Spa­niard claims women’s ti­tle

Spa­niard’s wins at Grand Slams have been over Wil­liams sis­ters

Houston Chronicle Sunday - - SPORTS SUNDAY - By Howard Fen­drich

Gar­bine Mugu­ruza de­nies 37-yearold Venus Wil­liams a sixth grass­court ma­jor crown.

LON­DON — As a kid, Gar­bine Mugu­ruza sat in awe in front of the TV as the Wil­liams sis­ters ac­cu­mu­lated Grand Slam ti­tles.

They were her role mod­els. Now, Mugu­ruza is grown up, an emerg­ing ten­nis star in her own right — and, as of Satur­day, the only woman who can boast of beat­ing each Wil­liams in a ma­jor fi­nal.

Mugu­ruza pow­ered her way to her first Wim­ble­don cham­pi­onship by play­ing fear­lessly and dom­i­nat­ing down the stretch, putting to­gether a 7-5, 6-0 vic­tory over a fad­ing Venus Wil­liams by claim­ing the fi­nal’s last nine games.

“It’s great to go out there and play some­body that you ad­mire,” Mugu­ruza, 23, said. “I knew she was go­ing to make me suf­fer and fight for it.” Venus stuck on five

This was Wil­liams’ 16th Grand Slam fi­nal and ninth at the All Eng­land Club. Wil­liams, 37, was bid­ding for her sixth ti­tle at the grass-court ma­jor, 17 years af­ter her first. And she was so close to gain­ing the up­per hand against Mugu­ruza, hold­ing two set points at 5-4 in the opener. But Mugu­ruza fought those off and never looked back.

“She com­peted re­ally well, so credit to her,” Wil­liams said. “She just dug in there.”

For Mugu­ruza, this fi­nal was her third at a ma­jor.

In her first, at Wim­ble­don in 2015, she lost to Wil­liams’ younger sis­ter, Ser­ena. But in her sec­ond, at the French Open last year, Mugu­ruza again faced Ser­ena — and won. That was the most re­cent fi­nal in which Mugu­ruza had played at any tour­na­ment un­til Satur­day, an in­di­ca­tion of the sort of up-and-down 12 months she has had.

But with stand-in coach Con­chita Martinez push­ing her to play each point on its mer­its — don’t look back, don’t think ahead — Mugu­ruza re­gained her best form these two weeks. Tak­ing the ball early, be­ing ag­gres­sive from the start of each point and not re­lent­ing, Mugu­ruza did to Wil­liams what the Amer­i­can and her sib­ling of­ten do to their op­po­nents.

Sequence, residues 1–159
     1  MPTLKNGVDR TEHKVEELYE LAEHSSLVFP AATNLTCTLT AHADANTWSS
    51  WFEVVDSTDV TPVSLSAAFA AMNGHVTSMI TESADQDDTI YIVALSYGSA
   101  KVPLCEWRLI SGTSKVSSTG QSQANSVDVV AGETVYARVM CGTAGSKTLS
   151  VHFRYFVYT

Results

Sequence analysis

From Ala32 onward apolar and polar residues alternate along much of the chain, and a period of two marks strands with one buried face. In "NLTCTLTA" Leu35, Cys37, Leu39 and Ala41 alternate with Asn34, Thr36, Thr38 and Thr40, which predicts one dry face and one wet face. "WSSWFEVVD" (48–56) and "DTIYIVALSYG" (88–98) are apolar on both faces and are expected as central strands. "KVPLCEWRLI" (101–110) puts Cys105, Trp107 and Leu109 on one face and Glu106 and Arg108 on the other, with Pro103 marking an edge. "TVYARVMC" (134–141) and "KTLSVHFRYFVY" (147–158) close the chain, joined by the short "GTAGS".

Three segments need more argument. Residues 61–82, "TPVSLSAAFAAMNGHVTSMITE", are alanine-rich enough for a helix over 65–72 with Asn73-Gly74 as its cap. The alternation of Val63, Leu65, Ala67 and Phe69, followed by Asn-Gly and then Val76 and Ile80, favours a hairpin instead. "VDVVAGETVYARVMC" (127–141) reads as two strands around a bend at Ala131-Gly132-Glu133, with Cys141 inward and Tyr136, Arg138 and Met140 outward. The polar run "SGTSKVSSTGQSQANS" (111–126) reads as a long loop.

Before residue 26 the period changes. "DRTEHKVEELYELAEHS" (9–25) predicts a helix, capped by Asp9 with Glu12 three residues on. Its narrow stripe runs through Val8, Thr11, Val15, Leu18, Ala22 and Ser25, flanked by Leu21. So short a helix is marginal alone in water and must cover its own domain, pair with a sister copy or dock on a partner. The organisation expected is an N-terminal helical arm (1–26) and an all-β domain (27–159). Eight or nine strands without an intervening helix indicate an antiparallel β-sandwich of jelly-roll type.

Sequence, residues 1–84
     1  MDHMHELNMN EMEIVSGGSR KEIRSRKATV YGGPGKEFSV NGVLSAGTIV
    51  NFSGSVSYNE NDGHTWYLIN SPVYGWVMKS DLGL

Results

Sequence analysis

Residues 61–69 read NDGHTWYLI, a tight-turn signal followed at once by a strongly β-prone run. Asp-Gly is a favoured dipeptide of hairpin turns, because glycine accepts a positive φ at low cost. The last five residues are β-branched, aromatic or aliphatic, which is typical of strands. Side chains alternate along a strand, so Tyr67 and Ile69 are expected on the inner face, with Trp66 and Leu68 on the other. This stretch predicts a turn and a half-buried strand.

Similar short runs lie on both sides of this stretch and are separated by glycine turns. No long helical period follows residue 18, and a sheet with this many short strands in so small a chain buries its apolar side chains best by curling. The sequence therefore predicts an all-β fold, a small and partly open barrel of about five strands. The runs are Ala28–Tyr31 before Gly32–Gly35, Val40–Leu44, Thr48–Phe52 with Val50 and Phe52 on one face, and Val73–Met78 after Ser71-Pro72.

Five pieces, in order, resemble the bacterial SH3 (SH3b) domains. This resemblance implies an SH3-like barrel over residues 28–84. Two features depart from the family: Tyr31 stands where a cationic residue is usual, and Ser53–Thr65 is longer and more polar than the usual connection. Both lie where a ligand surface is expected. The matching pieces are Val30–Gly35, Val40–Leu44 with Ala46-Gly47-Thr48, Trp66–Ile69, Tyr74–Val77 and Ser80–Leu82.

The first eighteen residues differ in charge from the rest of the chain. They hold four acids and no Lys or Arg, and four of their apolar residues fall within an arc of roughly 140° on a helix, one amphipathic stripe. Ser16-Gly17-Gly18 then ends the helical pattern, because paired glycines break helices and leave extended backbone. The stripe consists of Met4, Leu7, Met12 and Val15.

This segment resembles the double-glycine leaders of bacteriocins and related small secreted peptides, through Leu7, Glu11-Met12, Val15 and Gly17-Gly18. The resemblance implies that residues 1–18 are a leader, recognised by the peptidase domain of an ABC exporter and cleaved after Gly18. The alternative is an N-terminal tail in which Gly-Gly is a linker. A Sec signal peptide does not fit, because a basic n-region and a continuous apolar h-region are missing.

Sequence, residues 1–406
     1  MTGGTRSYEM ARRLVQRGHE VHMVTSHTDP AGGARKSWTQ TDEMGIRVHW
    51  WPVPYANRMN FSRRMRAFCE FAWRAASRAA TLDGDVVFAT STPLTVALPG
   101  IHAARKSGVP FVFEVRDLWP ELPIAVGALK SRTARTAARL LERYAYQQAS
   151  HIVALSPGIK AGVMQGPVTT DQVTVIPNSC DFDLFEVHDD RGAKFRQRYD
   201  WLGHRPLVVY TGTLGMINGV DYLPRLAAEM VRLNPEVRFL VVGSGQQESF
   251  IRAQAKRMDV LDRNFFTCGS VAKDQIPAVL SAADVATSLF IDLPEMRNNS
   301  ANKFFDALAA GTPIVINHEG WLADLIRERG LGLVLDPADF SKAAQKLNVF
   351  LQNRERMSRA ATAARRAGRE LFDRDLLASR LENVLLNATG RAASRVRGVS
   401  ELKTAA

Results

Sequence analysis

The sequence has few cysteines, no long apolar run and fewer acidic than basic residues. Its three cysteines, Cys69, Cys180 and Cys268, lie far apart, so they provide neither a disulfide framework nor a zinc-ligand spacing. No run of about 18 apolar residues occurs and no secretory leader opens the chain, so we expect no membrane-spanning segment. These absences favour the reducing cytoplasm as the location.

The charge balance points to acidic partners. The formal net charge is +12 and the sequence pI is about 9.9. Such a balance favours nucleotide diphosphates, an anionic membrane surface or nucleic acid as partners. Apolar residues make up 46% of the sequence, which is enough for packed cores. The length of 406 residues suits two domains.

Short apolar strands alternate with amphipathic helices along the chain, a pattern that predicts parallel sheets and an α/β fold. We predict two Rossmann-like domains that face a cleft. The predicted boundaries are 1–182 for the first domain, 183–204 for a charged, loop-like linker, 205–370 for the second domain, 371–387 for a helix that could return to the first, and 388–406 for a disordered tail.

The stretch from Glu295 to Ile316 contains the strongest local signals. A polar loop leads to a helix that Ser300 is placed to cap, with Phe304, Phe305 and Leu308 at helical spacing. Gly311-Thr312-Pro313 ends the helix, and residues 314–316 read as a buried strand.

Here was how Mugu­ruza’s on-court ap­proach was de­scribed by Span­ish Fed Cup and Davis Cup cap­tain Martinez, whose 1994 Wim­ble­don ti­tle was the coun­try’s most re­cent for a woman un­til Satur­day: “She’s very brave.”

Es­pe­cially against Wil­liams. Es­pe­cially in crunch time.

“I was just very com­posed,” Mugu­ruza said. “Once I go to the big court, I feel good. I feel like that’s where I want to be, that’s what I prac­tice for. That’s where I play good. … I’m happy to go to the Cen­tre Court and to play the best player. That’s what mo­ti­vates me.” Racket racket

With the roof shut be­cause of rain early in the day, each thwack of racket strings against ball by the two big hit­ters cre­ated echoes around the arena.

Wil­liams be­gan the pro­ceed­ings with an ace. But Mugu­ruza showed she would not be over­whelmed, re­turn­ing a serve at 113 mph on the match’s sec­ond point, and an­other at 114 mph in the third game — then win­ning both en­su­ing ex­changes.

Still, Wil­liams was so close to tak­ing the first set, ahead 5-4 while Mugu­ruza served at 15-40.

On the first chance, a 20-stroke point ended when Wil­liams blinked first, putting a fore­hand into the net. On the sec­ond set point, Wil­liams sent a re­turn long.

It was as if get­ting out of that jam freed up Mugu­ruza — and fail­ing to cap­i­tal­ize de­flated Wil­liams, who didn’t win an­other game.

“She was get­ting ev­ery one of Venus’s shots back,” said David Witt, Wil­liams’ coach, who thought nerves af­fected his player. “Not only get­ting it back, but it was deep in the court. Venus kept hav­ing to play that one ex­tra ball.”

Wil­liams be­gan spray­ing shots to un­in­tended spots; Mugu­ruza stayed steady. Wil­liams fin­ished with 25 un­forced er­rors, 14 more than the cham­pion. Cel­e­bra­tion must wait

It ended when Wil­liams hit a shot that landed long, but was ruled in. Mugu­ruza chal­lenged the call, and af­ter a de­lay, the re­view showed the ball was, in­deed, out. Made to wait to cel­e­brate, Mugu­ruza dropped to her knees and cov­ered her cry­ing eyes.

Soon enough, Mugu­ruza was shown her name on the list of win­ners in the sta­dium’s lobby — “Fi­nally!” she said.

It was an an­ti­cli­mac­tic con­clu­sion to the fort­night for Wil­liams, Wim­ble­don’s old­est fe­male fi­nal­ist since Martina Navratilova, 37, was the run­ner-up to Martinez in 1994. Wil­liams hadn’t made it this far at the All Eng­land Club since 2009, hadn’t won the ti­tle since 2008.

“A lot of beau­ti­ful mo­ments in the last cou­ple of weeks,” the Amer­i­can said.

Mugu­ruza can say the same, of course, and she was thrilled at the thought of the player she beat.

“When I knew I was play­ing Venus in the fi­nal, I was ac­tu­ally look­ing for­ward (to) it,” Mugu­ruza said.

Tim Ire­land / Associated Press

Gar­bine Mugu­ruza, right, de­feated Venus Wil­liams to be­come the first Span­ish woman to win the sin­gles ti­tle at Wim­ble­don since Con­chita Martinez, Mugu­ruza’s coach, won it in 1994 over Martina Navratilova.

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